• Desert Plants of Use and Charm from Southwestern Africa

      Aronson, James A.; Thompson, Henry; The Institute for Applied Research, Ben-Gurion University of the Negev; Department of Developmental Studies, University of East Anglia (University of Arizona (Tucson, AZ), 1987)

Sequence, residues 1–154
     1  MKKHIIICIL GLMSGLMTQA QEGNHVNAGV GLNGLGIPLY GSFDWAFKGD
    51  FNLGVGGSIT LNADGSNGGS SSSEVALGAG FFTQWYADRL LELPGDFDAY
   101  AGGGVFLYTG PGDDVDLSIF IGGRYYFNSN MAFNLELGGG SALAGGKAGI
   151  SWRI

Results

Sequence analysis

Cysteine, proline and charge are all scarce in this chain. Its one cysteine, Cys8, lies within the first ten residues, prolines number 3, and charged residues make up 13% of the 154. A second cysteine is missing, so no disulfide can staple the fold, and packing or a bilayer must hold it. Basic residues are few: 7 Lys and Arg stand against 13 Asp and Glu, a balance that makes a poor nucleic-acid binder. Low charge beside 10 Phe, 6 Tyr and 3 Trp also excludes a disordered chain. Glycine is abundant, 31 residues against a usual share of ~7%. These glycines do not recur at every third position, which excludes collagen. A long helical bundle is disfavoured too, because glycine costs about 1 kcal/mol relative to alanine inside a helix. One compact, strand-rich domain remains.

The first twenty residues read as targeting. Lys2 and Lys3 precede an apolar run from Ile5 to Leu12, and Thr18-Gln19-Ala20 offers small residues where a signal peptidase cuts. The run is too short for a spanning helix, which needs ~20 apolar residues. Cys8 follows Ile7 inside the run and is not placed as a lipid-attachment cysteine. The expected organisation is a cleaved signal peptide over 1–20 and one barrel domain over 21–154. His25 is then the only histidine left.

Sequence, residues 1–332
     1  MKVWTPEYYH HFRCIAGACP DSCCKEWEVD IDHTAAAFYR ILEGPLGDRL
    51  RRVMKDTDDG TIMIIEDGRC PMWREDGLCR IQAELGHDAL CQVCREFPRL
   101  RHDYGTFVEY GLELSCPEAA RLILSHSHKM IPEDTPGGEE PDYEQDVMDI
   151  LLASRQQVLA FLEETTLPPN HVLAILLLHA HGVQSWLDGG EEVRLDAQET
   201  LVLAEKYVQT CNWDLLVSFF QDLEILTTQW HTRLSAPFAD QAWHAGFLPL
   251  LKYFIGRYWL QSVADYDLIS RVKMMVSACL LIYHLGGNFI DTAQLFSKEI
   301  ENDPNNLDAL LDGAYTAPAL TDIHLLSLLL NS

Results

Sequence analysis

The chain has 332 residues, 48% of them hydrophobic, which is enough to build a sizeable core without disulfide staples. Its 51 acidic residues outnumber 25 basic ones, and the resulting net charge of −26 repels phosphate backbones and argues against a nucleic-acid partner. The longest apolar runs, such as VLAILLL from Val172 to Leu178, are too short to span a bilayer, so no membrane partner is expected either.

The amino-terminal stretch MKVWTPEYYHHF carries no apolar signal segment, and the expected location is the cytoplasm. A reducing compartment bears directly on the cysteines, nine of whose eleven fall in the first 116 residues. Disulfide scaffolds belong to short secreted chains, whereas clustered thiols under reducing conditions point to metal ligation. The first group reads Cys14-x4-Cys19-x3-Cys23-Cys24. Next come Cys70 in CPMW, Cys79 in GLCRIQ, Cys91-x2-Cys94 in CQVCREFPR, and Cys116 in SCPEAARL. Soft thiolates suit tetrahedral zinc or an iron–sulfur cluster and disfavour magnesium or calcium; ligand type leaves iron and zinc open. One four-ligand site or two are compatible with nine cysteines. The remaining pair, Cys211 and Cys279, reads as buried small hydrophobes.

In September, 1986 a botanical survey was undertaken of South West Africa/Namibia (SWAIN) and adjacent arid parts of the Republic of South Africa (RSA). Primary emphasis was placed on the arid and semiarid regions with under 250 mm mean annual rainfall, in which both the summer-and winter-rainfall areas were visited. Observations were made on wild plants with known or potential value as new fruit or nut, vegetable, medicinal, or forage and fodder crops. Wild relatives of conventional crops for breeding programs were identified as well as several useful halophytes. New trees for agroforestry systems and new desert landscaping subjects were spotted, and last but not least, many desert plants of note were found for inclusion in living collections for purposes of botanical study and rapture.